Customer experience in 2017: Learning from the positive
The start of a New Year offers a chance for companies to reflect on market developments, and to stake their claim on what they see as the most important trends that will shape the landscape in the months and years to come. When it comes to customer experience (CX), unfortunately the temptation to dwell on disasters that took place during the preceding 12 months – of which there were many in 2016 – can prove too strong.
Learning from the past
While it can be useful to learn from these CX slip-ups and use lessons learned as a way to move forward as an industry, I think we can agree that we’ve had quite enough of the bad news from 2016. Instead, I’d like to take this opportunity to highlight some of the positive steps being taken in light of well-publicised CX mistakes, and use them as a basis to look forward in 2017.
As an example, there is BT. BT, the market leading converged service provider in the UK, announced it is to invest £6 billion in fibre, 4G, and customer experience. BT’s investment in customer experience will be made largely in the infrastructure required to meet new commitments such as call handling technology and case management, but also in service quality and reliability. So in 2016, BT showed that it understands that technology is not a silver bullet. It is of course a vital component to any successful CX improvements, but without designing and implementing accurate processes and services around the tools, new platforms are destined to fail – or even make situations worse.
CX as a differentiator
At the beginning of 2016 Gartner forecast that 89% of companies will aim to differentiate themselves from their competition mostly on the basis of customer experience. In line with that prediction, we have indeed seen a greater organisational commitment to CX by the companies that we have spoken to over the past 12 months.
However, organisational commitment means more than simply implementing a customer feedback process and putting friendly front-line staff or big data technology in place. If your CX efforts are not connected and you do not have the support and engagement of your business, then these initiatives risk failure. Therefore, it is no surprise that in 2016 we found that almost three out of every four CX programmes do not deliver the outcomes companies expect or desire. In many instances feedback systems are implemented in isolation as a stand-alone activity without considering any other aspects of the business. They are also implemented without the involvement of internal or external stakeholders to translate the CX strategy into all the corners of the customer journey.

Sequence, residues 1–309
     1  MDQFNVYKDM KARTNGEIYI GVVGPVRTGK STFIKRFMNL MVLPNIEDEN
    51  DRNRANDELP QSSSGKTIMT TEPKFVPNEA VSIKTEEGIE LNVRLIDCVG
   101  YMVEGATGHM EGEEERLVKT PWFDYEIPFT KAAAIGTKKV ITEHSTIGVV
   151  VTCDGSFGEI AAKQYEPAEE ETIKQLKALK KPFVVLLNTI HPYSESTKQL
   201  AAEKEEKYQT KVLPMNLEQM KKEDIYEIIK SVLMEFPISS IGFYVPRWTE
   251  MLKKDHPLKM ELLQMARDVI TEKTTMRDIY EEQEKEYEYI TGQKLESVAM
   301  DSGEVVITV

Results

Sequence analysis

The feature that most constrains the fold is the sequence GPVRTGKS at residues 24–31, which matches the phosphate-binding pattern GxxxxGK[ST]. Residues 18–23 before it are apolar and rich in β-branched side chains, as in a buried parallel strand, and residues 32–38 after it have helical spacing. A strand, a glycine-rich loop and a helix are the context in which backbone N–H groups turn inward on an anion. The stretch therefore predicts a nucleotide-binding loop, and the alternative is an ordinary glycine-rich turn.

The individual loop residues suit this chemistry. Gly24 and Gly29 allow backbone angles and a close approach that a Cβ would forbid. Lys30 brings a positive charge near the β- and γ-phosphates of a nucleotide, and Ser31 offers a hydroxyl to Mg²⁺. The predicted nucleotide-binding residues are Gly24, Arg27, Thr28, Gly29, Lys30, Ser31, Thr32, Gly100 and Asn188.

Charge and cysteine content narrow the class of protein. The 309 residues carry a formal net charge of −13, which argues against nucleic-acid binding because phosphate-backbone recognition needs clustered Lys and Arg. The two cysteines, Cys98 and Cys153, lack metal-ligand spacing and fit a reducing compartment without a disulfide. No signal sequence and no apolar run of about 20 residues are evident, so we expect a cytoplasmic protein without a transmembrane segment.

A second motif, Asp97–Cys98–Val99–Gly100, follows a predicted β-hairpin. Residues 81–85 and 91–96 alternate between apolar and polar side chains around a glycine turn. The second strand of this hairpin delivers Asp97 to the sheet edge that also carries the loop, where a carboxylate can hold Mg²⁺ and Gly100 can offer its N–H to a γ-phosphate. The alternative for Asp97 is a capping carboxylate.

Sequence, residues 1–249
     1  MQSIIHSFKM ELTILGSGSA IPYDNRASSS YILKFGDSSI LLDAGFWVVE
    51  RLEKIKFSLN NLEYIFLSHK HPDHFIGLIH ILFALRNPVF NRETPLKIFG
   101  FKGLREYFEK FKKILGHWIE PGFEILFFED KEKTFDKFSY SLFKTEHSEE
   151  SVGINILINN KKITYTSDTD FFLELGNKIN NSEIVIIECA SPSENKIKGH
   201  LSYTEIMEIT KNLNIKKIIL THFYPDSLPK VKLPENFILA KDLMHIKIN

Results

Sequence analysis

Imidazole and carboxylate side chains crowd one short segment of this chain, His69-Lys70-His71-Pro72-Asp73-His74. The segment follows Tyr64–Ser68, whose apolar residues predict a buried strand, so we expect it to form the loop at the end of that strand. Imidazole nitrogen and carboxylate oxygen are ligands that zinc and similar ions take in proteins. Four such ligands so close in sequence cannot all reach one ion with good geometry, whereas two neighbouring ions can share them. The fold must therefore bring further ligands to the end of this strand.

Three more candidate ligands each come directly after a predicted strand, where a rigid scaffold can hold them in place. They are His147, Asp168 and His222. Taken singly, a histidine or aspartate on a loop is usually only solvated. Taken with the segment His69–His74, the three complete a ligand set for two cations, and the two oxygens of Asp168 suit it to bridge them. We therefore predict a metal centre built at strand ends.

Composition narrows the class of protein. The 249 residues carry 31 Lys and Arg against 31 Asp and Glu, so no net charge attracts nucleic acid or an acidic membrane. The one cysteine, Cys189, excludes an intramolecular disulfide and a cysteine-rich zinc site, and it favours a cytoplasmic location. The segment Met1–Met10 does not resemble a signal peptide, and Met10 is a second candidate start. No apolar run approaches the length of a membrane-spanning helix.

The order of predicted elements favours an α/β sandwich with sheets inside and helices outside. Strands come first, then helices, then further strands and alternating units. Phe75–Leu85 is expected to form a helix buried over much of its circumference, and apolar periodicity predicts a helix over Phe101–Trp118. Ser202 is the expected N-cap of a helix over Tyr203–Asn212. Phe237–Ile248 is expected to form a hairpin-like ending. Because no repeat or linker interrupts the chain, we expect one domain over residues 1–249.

Speaking to a number of CX leaders as part of MaritzCX’s CXEvolution assessment we discovered that in order for a CX strategy to be successful it requires three things: a strategic approach to CX improvement and setting clear objectives; a success roadmap that is more clear and more actionable; and leadership and organisational engagement/buy in.
The factor that will have the biggest impact on an organisation’s CX success in 2017 will be the behaviour of the leadership team; whether the leadership team sets the right tone, expectations and leads by example when it comes to CX. Hence, when embarking on your CX journey it is critical to involve the leadership team as early in the planning stage as possible. Commitment to CX from the top instils the right culture and hence behaviours across your organisation.